Julius Randle

Kentucky commit thinks Julius Randle will pick UK, unsure about Andrew Wiggins

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Derek Willis, a 6-foot-9 Kentucky commit, took part in a Q-&-A with Courier-Journal‘s Steve Jones to share his thoughts on Kentucky, including the top-ranked class John Calipari has, a class that still can improve.

Kentucky is still in contention for the No. 1 overall player Andrew Wiggins (Huntington Prep/Thornhill, Ont., CAN), No. 2 overall player according to Rivals.com, Julius Randle (Prestonwood Christian/Plano, Tex.), and consensus top-10 recruit Aaron Gordon (Archbishop Mitty High/San Jose, Calif.).

Willis, the first commit to the Class of 2013, when asked about whether or not he thought Kentucky could land Randle, the Kentucky native seemed fairly confident Randle will join him in Lexington.

“As far as Julius Randle goes, and this is all based on what I’ve found, what I’ve read, I think he will come,” Willis told Jones.

“But I think Randle is probably a lock; that’s my opinion,” Willis said later.

Earlier this week, Randle reportedly cut Oklahoma and N.C. State from his list, leaving only Florida, Kansas, Texas, and Kentucky. Randle is set to decide on Mar. 20.

Wiggins has been quiet about his recruiting, but many believe it centers around UK and his parents’ alma mater, Florida State, though, Kansas and North Carolina are also in the mix. Wiggins shying away from discussing his recruiting has left many, including Willis, uncertain of where he’d end up.

“Wiggins is a toss-up for me, I can’t figure it out,” said the future Wildcat. “I’ve tried to figure him out. I’ve read everything and looked him up. I don’t know. I know UK is one of his top two choices, I would say.”

As for the 6-foot-7 Gordon, who is considering Kentucky along with Oregon, Washington, and Arizona, Willis believes he may remain out west when all said and done.

If Kentucky misses out on both Wiggins and Randle, they still have a loaded class which includes the Harrison twins — Andrew and Aaron, James Young, Marcus Lee, and Dakari Johnson to go along with Willis.

Photo courtesy Facebook/Prestonwood Christian Academy

Terrence is also the lead writer at NEHoopNews.com and can be followed on Twitter: @terrence_payne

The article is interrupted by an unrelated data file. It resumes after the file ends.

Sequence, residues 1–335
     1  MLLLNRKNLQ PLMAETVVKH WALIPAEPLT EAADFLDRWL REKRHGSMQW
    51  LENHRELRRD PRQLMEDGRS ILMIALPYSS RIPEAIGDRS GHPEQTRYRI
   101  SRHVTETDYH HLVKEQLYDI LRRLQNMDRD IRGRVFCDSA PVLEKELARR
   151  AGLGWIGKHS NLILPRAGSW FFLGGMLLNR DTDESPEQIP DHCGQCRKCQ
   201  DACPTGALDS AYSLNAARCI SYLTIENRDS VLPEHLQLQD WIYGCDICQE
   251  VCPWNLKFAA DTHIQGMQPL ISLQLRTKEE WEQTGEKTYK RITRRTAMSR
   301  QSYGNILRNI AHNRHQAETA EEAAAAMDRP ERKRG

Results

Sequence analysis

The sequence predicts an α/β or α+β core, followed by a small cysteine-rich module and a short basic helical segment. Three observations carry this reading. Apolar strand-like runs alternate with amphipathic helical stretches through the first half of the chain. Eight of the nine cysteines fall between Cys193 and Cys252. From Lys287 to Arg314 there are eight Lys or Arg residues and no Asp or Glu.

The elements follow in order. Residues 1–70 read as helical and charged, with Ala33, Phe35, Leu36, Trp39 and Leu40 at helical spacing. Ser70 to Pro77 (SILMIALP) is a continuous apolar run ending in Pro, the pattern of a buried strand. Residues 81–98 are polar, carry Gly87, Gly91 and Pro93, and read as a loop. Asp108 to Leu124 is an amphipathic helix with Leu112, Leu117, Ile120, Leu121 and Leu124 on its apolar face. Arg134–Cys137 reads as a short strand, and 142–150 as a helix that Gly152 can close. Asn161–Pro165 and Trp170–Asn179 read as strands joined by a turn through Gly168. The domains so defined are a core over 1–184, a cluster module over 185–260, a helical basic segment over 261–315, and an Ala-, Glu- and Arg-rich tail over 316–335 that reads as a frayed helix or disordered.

Syracuse receives mixed news on sanctions appeals

Jim Boeheim
Associated Press
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Wednesday the NCAA made its ruling on two appeals of sanctions made by Syracuse University, with the news being mixed for the men’s basketball program.

On the positive side the NCAA ruled that Syracuse will be docked two scholarships per season for the next four years, as opposed to the original ruling of three. As a result Jim Boeheim’s program only has to account for the loss of eight total scholarships, meaning that they’ll have 11 to fill in each of the next four seasons as opposed to ten.

One scholarship may not seem like a big deal, but in a sport where you only get 13 (when not dealing with sanctions) getting that grant-in-aid back really helps from a recruiting standpoint.

As for the negatives, they both concern Boeheim. Not only has there yet to be a ruling on Boeheim’s appeal of his nine-game suspension that goes into effect when ACC play begins in January (that appeal is being heard separately), but the appeal to reinstate the wins that were vacated as part of the sanctions was denied. As a result Boeheim officially has 868 wins instead of 969 (not counting today’s game against Charlotte).

And with Mike Hopkins set to take over as head coach in 2018, the denial means that college basketball will have to wait quite some time before anyone threatens to join Duke’s Mike Krzyzewski in the 1,000 wins club.

While not having the wins officially reinstated does hurt, getting a scholarship back for each of the next four seasons is a bigger deal when it comes to the long-term health of the Syracuse program. Also of great importance will be the ruling regarding Boeheim’s suspension, as a suspended coach is not allowed to have any contact with his players or coaching staff while serving the penalty.

And with the original ruling due to take up half of Syracuse’s league slate, not having Boeheim (or the chance to speak with him) is a big deal when it comes to this current team.

St. John’s forward Kassoum Yakwe cleared by NCAA

Chris Mullin
AP Photo/Rick Bowmer
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St. John’s forward Kassoum Yakwe has been cleared by the NCAA to play this season and will be eligible immediately, the school announced on Wednesday.

Yakwe is a 6-foot-8 forward that reclassified and enrolled at St. John’s this fall. He attended the same high school as Kansas forward Cheick Diallo, who was also cleared by the NCAA to play today.

St. John’s played in the Maui Invitational this week, and Yakwe did not take part. His first game with the Johnnies will be on Dec. 2nd against Fordham if the program plans to play his this season.

The question that must be asked, however, is whether or not he will suit up or simply redshirt. The Johnnies are in the midst of a serious rebuild and will be without their other elite recruit this season, Marcus Lovett. Lovett was ruled a partial qualifier. Would it make sense to burn a year of eligibility on what make amount to a wasted season, or will head coach Chris Mullin opt to save that year for down the road?